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I have an HTML/javascript website that uses javascriptSOAPClient communicate with an ASP.NET 1.1 web service in order to read/write to a SQL database. (http://www.codeproject.com/KB/ajax/JavaScriptSOAPClient.aspx). The database contains anonymous demographic information--no names, no credit cards, no addresses. Essentially the data collected is for data mining purposes.

The site is live, but we want to introduce a more secure communication between the javascript/ajax client and the wbe service for both this and future projects. Working as contractors in the financial industry, at some point we're going to get nailed with the question: is this website hackable? If we don't have a solution we could be out on our ears.

I am already following best practices such as communicating with the database via command parameters and stored procedures). However, currently anyone could browse to our web service description and figure out how to consume our exposed services.


  1. With my hybrid solution (i.e. not end-to-end Microsoft) how should I go about authenticating client requests on the web service?
  2. If I start passing a username/password or some other identifiable element into the web service as authentication, should I be concerned about how that key is generated/stored on the client side?
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Am I the only one who thinks the question is a bit long? – Shaun Austin Oct 6 '08 at 17:32
It was - so I took care of it. – Jason Bunting Oct 6 '08 at 17:35

A few suggestions to consider:

  • List the threats, and compare each to your current setup.
  • Use SSL / HTTPS. This alleviates a whole class of vulnerabilities.
  • Use username/password, generated on the server side and sent out of band (in the post or by phone) to the user. (Hope this answers question 2).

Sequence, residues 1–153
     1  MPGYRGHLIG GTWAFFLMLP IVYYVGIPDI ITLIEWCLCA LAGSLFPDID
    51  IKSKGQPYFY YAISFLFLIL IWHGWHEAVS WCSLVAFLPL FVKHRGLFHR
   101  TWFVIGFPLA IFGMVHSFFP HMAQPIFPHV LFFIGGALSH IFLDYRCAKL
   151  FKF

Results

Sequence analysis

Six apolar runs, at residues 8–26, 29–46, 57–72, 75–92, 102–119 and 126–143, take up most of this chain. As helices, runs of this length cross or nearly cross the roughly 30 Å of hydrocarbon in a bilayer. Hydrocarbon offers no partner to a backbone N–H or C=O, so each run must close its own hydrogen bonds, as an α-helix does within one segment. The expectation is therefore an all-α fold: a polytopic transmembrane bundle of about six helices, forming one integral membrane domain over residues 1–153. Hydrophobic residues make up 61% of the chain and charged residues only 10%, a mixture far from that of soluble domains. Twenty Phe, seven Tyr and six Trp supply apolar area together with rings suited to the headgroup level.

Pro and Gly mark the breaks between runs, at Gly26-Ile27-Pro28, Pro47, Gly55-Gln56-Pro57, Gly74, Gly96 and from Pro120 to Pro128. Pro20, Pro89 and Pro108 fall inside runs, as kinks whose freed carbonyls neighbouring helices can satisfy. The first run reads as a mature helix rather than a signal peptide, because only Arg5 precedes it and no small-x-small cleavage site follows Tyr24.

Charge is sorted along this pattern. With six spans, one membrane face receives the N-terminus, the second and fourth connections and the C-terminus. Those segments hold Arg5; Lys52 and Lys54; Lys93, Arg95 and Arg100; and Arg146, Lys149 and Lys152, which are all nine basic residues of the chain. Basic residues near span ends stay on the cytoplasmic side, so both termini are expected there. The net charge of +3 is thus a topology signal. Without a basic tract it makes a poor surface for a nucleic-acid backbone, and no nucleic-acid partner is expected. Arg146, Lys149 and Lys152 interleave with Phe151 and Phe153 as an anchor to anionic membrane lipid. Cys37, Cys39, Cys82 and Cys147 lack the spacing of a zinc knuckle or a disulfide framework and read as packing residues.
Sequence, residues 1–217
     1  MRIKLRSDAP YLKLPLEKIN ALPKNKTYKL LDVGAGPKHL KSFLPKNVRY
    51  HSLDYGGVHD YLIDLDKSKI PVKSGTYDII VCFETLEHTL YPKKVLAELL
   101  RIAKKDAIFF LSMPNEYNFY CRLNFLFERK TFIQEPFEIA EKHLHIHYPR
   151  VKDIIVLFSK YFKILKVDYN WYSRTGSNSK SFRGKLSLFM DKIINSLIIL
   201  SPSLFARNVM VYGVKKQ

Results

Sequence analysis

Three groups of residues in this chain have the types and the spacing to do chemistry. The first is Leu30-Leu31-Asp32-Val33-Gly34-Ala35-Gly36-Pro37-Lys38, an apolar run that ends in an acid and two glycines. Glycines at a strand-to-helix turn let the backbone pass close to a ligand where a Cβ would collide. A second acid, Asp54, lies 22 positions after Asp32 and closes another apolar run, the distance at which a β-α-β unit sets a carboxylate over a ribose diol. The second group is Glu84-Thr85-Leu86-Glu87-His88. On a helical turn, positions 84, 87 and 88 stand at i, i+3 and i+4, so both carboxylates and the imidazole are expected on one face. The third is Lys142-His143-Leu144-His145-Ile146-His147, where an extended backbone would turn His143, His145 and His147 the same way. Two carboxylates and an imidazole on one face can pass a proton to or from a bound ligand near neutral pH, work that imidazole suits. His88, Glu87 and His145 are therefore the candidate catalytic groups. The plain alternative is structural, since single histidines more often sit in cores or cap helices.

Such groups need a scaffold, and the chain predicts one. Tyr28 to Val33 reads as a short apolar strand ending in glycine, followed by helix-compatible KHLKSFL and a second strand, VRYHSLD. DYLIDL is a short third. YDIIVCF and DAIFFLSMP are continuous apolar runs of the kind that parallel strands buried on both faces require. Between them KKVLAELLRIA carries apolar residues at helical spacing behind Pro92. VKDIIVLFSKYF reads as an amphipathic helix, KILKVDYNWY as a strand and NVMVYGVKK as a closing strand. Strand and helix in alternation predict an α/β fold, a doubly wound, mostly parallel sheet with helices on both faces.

• Use 2-factor authentication. To do this, you can look at security tokens such as RSA's keyfob-type gizmos or look at Steve Gibson's Perfect Paper Passwords
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The easiest solution from a programming standpoint is to use two way HTTPS. That is, the server presents a certificate to the client, and the client presents a certificate to the server. Then only clients with proper certs (issued by you) can connect.

That helps reassure clients that your site is not generally accessible, yet the security is transparent to the application and, once they've signed up and received a cert, to them. The downside is that you have admin overhead in issuing and tracking the user certs -- but that's probably less than you'd have dealing with username/password combos.

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There are a few simple options:

  1. SSL + Cookie
  2. If the web app is also ASP.NET and hosted along with your web service, then you should have access to the User/Membership/Session of the web app inside your web service (essentially #1, but you get it without doing any work).
  3. If the web app and web service are not on the same domain, then cookies are out due to cross-domain issues - so you can have the web app embed a GUID into a hidden form field, and use that GUID as a sort of cookie (and it will need to be passed as a parameter on all web service requests).
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Can you incorporate a certificate authentication mechanism? So that only clients that have keys you can verify can communicate? That's how the product I work with has its managed devices communicate back to the core.

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Can that be done from javascript? Also, let's say I could generate a key and pass it from the client -> SOAP -> web service, what's to stop that key from getting sniffed? I guess I need to learn more about how to generate certificates auths. – Kevin Dente Oct 6 '08 at 20:15

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